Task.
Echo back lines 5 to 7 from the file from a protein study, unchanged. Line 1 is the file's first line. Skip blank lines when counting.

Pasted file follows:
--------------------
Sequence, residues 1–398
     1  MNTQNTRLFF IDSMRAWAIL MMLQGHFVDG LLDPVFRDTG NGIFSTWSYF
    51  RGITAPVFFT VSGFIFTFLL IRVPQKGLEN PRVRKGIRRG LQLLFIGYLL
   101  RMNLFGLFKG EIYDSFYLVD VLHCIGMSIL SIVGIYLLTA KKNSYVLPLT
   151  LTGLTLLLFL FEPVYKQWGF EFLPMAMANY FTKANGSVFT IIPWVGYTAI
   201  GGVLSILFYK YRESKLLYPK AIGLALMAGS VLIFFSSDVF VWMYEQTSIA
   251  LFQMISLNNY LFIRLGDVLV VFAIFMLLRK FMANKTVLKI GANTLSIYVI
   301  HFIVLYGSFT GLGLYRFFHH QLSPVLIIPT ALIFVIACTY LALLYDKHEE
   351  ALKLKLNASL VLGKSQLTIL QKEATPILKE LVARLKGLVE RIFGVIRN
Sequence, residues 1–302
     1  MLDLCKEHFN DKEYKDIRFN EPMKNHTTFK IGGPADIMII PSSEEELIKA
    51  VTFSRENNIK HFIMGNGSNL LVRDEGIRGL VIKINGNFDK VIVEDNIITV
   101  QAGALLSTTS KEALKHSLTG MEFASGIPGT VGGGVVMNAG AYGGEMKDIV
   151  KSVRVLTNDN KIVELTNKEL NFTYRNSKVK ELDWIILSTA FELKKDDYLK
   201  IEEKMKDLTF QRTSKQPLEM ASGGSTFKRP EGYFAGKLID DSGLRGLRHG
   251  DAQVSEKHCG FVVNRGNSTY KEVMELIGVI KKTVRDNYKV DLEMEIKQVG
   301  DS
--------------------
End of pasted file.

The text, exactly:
   151  LTGLTLLLFL FEPVYKQWGF EFLPMAMANY FTKANGSVFT IIPWVGYTAI
   201  GGVLSILFYK YRESKLLYPK AIGLALMAGS VLIFFSSDVF VWMYEQTSIA
   251  LFQMISLNNY LFIRLGDVLV VFAIFMLLRK FMANKTVLKI GANTLSIYVI